The divorce statutes in Missouri are the same regarding of your age. However, in a divorce between spouses over 50, financial and insurance issues tend to take on increased importance.  For example, the division of marital assets needs to be viewed very differently when you are over 50.  Keeping the marital home for stability of the children is usually no longer important.  Rather, the division of marital assets is more focused on retirement savings and liquidity to pay monthly expenses.  The determination of spousal maintenance plays a much greater role for both spouses as one may need to reenter the workforce after being out of the workforce for many years and one may no longer be able to retire as early previously planned prior to the divorce.  A younger divorcing couple is more concerned about child custody and child support.  An older divorcing couple is more concerned about health insurance, long-term care insurance, and Social Security benefits.

Getting divorced at any age causes financial anxiety.  However, divorcing when you are 50 or older can heighten that anxiety as you consider the uncertainty of your financial future post-divorce.  Will I have to start over financially? This a common question to ask yourself during this time.  The answer will depend on your net worth and monthly expenses.  The result of your divorce settlement (division of property, an award of spousal maintenance) will determine whether you need to find a job, a new home, dip into savings, etc.  You will want to discuss these questions throughout the divorce process, so you be properly advised as you look to establish yourself as a single individual, perhaps for the first time in over twenty years.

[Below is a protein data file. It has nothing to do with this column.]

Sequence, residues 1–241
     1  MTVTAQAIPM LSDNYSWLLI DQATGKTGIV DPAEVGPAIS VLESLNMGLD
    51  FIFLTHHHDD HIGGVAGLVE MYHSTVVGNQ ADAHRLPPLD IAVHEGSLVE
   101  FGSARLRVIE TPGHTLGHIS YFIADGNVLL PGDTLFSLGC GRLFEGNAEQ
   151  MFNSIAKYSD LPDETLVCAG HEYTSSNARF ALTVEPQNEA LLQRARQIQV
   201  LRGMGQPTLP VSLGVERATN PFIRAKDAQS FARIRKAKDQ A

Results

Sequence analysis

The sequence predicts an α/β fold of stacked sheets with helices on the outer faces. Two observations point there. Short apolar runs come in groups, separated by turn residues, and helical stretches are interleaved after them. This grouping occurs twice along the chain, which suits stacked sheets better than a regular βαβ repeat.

Most retirement savings and plans earned during the marriage are marital property subject to being divided at divorce.  You are generally entitled to an equitable share of you and your spouse’s retirement savings and plans.  However, you should keep in mind that you and your spouse were saving for one retirement household.  Post-divorce there will be two households to support. Therefore, your marital plan for when to retire or how much you are currently saving for retirement each month will need to be discussed as you will be a single individual.  This may result in some simple adjustments to your plan contributions or a major adjustment to your retirement date.